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The land of nobody


The issue of land expropriation without compensation is certainly a subject that needs to be addressed, debated and taken very, very seriously

File picture: David Ritchie/African News Agency (ANA)

As I was sitting at the public hearings to amend the constitution in Kimberley on Saturday, I was reminded of just how far South Africa has come in the last few decades but also just how far we still need to go.

The issue of land expropriation without compensation is certainly a subject that needs to be addressed, debated and taken very, very seriously, and judging by the varying reactions of the audience at the city hall it was made abundantly clear that it seems to be receiving the due treatment.

Residents of the Province are obviously passionate about property ownership as our very livelihood is based on who does what with what they have at their disposal, who chooses who possesses what and who does what for the benefit (or detriment) of who.

Well, so I thought as the hearings began.

However, with every person who took the floor and gave their input, I realised that very few, if any, in attendance were actually listening to anyone who was not regurgitating their personal sentiments back to them.

Instead, many facts that didn’t support certain agendas were ridiculed as misinformation or propaganda promoting the evil agenda of the ridiculous.

White people were all land thieves, black people were all land grabbers and government was all corrupt.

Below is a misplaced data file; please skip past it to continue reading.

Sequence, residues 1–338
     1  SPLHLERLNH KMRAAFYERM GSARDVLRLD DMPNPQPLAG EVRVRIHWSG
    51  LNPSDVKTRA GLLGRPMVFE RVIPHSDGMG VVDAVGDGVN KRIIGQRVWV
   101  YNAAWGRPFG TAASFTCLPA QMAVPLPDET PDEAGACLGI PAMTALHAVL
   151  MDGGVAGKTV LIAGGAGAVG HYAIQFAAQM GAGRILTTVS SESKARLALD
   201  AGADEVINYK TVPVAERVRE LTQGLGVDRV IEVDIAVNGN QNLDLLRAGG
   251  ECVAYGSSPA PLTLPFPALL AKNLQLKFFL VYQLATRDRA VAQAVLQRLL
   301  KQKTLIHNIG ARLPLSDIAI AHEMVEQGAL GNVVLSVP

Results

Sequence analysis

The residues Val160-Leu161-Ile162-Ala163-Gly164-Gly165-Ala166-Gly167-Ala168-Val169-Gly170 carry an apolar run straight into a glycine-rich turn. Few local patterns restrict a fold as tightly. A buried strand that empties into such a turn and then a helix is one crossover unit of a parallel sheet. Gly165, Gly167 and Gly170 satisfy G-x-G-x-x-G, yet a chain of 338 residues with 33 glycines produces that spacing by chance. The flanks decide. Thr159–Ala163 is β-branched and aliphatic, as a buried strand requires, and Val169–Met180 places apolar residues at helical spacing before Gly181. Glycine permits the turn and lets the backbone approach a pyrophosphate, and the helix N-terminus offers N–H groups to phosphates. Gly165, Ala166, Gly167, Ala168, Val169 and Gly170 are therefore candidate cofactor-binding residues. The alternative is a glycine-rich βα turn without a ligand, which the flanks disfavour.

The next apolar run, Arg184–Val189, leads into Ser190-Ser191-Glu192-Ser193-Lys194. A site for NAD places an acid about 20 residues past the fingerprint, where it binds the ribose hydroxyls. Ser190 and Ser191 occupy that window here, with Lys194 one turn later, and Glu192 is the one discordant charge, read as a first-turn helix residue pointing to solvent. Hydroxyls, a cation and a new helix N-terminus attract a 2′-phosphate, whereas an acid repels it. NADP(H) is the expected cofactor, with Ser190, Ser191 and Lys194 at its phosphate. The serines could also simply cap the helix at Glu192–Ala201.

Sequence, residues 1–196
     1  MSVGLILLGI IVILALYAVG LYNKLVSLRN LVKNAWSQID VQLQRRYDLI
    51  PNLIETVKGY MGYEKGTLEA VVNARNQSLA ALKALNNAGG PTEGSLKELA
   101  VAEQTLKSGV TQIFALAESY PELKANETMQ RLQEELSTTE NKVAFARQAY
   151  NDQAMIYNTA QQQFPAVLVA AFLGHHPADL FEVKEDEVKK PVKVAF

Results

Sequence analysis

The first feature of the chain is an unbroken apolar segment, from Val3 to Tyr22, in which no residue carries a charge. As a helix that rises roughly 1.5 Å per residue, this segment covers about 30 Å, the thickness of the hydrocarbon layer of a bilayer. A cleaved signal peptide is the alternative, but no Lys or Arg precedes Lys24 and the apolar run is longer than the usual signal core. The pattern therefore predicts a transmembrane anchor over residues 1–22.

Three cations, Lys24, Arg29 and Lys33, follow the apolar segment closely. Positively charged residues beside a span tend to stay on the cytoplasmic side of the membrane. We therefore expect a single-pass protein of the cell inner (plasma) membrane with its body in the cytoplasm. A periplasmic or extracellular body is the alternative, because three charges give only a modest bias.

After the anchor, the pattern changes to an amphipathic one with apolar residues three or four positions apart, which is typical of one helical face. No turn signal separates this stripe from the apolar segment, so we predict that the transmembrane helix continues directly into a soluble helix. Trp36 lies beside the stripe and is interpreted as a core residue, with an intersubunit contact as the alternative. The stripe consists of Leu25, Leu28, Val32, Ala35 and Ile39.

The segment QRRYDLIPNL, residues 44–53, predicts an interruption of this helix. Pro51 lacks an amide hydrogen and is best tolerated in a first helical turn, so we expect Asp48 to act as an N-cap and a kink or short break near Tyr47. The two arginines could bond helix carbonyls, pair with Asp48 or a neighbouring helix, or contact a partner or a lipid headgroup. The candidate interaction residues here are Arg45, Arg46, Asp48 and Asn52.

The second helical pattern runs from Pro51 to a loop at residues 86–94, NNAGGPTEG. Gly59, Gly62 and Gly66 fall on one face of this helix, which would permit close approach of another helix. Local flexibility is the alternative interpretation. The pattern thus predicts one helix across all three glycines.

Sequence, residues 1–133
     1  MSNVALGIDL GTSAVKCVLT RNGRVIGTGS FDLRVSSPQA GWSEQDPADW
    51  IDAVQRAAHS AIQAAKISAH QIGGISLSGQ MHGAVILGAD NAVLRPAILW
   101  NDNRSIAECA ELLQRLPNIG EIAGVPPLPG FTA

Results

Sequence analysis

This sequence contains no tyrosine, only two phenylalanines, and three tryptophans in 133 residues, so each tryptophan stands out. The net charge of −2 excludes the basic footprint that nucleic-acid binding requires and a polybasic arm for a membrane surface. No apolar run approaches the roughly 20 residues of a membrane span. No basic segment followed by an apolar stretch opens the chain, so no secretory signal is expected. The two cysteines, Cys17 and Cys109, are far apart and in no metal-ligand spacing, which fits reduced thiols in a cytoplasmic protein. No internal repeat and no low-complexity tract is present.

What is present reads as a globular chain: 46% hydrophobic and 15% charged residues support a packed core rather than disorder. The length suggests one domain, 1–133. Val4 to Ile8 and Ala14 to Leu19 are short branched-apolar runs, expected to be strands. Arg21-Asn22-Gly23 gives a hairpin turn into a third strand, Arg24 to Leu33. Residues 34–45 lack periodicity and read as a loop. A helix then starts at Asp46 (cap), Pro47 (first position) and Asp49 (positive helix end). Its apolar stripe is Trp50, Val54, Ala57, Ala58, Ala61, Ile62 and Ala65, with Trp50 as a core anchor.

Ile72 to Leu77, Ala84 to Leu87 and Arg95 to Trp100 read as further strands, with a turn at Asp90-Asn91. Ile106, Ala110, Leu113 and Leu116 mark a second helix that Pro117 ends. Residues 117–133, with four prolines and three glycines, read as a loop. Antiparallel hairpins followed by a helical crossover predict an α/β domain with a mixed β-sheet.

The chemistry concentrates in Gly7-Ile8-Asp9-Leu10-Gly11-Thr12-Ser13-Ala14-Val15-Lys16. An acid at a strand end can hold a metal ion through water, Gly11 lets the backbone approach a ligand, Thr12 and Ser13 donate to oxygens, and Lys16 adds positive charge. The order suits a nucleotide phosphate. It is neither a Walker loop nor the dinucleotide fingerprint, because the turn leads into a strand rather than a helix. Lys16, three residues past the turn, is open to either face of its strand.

While there is plenty of evidence to support one of these points of view, the other two have much of their basis in misinformation, propaganda and ridiculous agendas … but few of those in attendance on Saturday seemed to care.

Especially not those who were only there to hear the echo of their take on things and to make enough noise to drown out anyone who disagreed.

Land expropriation, with or without compensation, is one of those contentious issue that will inevitably stir up emotion.

However, it is of such a nature that decisions in this regard need level-headed attention and consideration in order to determine the best outcome.

An amicable resolution will only be found through objective reasoning with minimal emotional influence.

This is not a simple issue and is anything but black and white but sadly, like many other legacies of our past, South Africans still view everything as black and white and find grey areas far too unfamiliar to comprehend.

The truth is that before apartheid, and colonialism, and tribalism, and black, and white, there was land.

Once upon a time, there was no conflict, tension, prejudice and ridicule. There were no borders, nor fences, nor signs warning that “trespassers will be prosecuted”.

There was a time when there were no title deeds, no rights, no “legitimate” claim of ownership.

Many years ago, there was no mine, or yours, or theirs or ours. There wasn’t even an us.

Before all the bitching, breaking and bickering all there was was land and you know what – it didn’t belong to anyone until someone decided that it did.

Then, suddenly, the land belonged to all of us but nobody else. So, we started fighting, to the death, to defend it and never stopped.

As a species, we are so busy congratulating ourselves for evolving beyond our own control that we never thought of taking a step back to consider whether all this progress for profit, rather than prosperity, was an improvement or simply grease for the wheels that are transporting us to our own inevitable demise.

Maybe, at some point someone said: “Stop, that doesn’t belong to you but it doesn’t belong to me either.”

If there were such a person, they were probably killed on the spot.

Land was here before us and will be here when the last title deed lapses. How can anyone truly claim ownership of the universal birthright of all life?